‘Lawyers promote, courts protect fundamental rights’- Justice Carl Singh
DPI, GUYANA, Thursday, April 12, 2018
Students, lecturers, and members of the public were last evening treated to an informative and thought-provoking discussion on the ‘Constitutional Guarantee of Fundamental Rights and the Citizen’. The session was hosted by the University of Guyana as part of ‘Project Renaissance’ which was launched in 2016 by Vice Chancellor, Ivelaw Griffith. These sessions are the entitled ‘Conversations on Law and Society’.
Presenting last evening was the Distinguished Jurist-in-Residence, Justice, Carl A. Singh who gave historical accounts of the identification of these rights. Referring to personal accounts Justice Singh highlighted the significant lack of understanding by individuals about the constitution and what the constitution recognises as their fundamental rights.
“It is in the context of providing a general education that I have framed my presentation tonight. My aim is to present a general idea of what these fundamental rights are. So that, in keeping with my observations made, I hope to be able to convey or rather make contribution to what has been perceived as the woeful lack of education by our people about these fundamental rights.” Singh said.
The former Chancellor chose to focus on the right to life, freedom of expression and protection from discrimination. Justice Singh showcasing his vast knowledge on the topics stressed the importance of persons being cognisant of their constitutional and fundamental rights, therefore eliminating the likelihood of their rights being violated.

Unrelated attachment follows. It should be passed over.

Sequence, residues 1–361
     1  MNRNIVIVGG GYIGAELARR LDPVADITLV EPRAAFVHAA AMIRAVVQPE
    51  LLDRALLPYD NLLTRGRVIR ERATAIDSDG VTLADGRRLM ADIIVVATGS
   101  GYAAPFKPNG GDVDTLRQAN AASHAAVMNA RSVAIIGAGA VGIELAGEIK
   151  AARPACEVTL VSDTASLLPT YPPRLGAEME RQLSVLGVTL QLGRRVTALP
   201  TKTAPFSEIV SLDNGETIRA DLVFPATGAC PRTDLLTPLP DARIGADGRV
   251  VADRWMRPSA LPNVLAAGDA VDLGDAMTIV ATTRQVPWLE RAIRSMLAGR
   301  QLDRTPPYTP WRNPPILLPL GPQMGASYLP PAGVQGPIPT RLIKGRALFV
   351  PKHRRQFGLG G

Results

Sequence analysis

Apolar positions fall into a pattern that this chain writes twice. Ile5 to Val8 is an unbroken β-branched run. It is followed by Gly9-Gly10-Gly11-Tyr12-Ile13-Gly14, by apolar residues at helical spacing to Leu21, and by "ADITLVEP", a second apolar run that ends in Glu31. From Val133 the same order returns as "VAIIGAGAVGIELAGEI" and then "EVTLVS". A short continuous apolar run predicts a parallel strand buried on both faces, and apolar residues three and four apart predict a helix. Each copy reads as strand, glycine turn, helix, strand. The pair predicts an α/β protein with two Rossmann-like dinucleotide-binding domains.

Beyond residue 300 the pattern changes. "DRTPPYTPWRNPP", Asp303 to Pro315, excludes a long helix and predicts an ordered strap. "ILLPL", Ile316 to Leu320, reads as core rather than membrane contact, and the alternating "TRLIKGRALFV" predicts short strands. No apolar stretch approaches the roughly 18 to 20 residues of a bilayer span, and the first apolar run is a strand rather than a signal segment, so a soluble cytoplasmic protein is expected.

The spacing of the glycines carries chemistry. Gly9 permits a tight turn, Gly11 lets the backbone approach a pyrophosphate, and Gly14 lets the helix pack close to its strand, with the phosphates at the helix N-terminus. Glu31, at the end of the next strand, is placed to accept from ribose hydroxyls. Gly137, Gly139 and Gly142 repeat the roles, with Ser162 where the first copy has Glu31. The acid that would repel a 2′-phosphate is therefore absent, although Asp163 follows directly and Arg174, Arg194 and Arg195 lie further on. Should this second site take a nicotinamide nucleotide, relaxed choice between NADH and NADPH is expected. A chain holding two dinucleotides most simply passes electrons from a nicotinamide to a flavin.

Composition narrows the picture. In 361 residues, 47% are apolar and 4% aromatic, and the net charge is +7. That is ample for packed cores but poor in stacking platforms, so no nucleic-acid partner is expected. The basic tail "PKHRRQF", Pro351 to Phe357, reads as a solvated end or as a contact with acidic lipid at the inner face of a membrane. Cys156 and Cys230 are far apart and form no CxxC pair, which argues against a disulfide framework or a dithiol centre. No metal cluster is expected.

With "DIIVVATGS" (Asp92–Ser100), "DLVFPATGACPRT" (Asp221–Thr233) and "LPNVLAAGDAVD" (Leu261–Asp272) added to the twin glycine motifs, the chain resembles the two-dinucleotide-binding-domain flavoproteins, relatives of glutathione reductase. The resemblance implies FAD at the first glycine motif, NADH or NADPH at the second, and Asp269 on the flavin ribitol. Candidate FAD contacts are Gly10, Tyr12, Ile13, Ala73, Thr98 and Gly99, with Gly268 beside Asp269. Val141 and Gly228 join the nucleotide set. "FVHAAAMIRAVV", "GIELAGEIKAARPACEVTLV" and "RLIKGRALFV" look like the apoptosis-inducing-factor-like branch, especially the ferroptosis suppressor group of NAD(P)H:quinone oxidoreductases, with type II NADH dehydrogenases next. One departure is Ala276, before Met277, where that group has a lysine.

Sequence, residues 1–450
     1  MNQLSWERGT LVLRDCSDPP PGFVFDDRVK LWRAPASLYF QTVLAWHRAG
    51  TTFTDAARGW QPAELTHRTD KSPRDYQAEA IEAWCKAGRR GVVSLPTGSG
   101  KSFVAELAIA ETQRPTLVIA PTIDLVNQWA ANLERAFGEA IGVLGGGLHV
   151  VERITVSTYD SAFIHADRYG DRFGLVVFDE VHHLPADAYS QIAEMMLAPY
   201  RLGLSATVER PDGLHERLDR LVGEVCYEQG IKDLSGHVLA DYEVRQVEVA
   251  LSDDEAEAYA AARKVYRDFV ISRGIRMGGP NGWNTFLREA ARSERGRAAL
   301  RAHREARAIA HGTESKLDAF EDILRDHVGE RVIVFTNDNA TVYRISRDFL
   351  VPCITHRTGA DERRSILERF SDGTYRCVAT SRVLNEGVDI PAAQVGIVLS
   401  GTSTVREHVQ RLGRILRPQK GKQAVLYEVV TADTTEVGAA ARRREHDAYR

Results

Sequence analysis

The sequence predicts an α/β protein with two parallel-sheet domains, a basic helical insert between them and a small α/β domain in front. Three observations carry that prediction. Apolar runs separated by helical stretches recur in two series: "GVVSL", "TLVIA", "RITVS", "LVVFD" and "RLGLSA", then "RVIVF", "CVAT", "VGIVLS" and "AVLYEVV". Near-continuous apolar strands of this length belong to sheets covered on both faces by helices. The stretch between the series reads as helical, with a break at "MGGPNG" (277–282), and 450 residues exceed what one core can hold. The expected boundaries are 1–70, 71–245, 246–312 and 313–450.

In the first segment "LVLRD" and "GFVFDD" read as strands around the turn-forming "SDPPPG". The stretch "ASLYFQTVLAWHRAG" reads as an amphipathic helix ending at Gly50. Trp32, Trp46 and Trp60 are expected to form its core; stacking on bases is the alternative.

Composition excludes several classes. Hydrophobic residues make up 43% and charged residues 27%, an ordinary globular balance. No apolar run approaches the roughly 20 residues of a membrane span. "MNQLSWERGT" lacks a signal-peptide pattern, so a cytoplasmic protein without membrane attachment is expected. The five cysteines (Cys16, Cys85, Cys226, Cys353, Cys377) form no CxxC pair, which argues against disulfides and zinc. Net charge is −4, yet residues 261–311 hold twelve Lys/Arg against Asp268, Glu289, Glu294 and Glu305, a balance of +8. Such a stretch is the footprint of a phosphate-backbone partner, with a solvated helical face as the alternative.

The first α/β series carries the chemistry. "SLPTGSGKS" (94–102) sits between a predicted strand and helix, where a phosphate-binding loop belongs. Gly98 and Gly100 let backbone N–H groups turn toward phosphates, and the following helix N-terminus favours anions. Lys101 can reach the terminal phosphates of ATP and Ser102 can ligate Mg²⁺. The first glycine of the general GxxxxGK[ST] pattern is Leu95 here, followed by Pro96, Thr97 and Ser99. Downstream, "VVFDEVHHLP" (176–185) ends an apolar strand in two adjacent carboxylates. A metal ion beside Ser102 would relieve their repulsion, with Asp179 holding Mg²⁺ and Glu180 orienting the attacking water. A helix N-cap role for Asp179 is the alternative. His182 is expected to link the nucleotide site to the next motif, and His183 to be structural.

He further noted that while the constitution is the supreme law of the land which contains these rights, however the fundamental rights are not absolute but conditional, meaning that there are limitations to these essential rights.
It was then that he cautioned those present to be wary when utilising their fundamental rights, so as to not to infringe the rights of others. Justice Singh quoted the words of the late Justice S. Yacoob Mohamed from his book Constitutional Law of Guyana.
“Absolute or unrestricted rights do not exist in a civilized society; a man’s fundamental rights and freedoms must not therefore violate the fundamental rights and freedoms of others”
Justice Singh closed stating that it is the responsibility of lawyers to promote the fundamental rights and freedoms in the society and it is the role of the court as the guardians of the constitution, to protect those rights.
The evening ended with students and adults positing questions to the Justice.
This is the third conversation on Law and Society, with the first and second focusing on ‘The life and work of Joseph Oscar Fitzclarence Haynes’ and ‘Guyana’s Boarders Boundaries Barriers and Bridges’ respectively. These discussions invite participants to examine the legal ramifications of social issues and the social implications of legal issues through research and reflection, dialogue and debate. They also provide an opportunity for the University and the public to share ideas and to contribute to positive change in the society.
By: Stephon Gabriel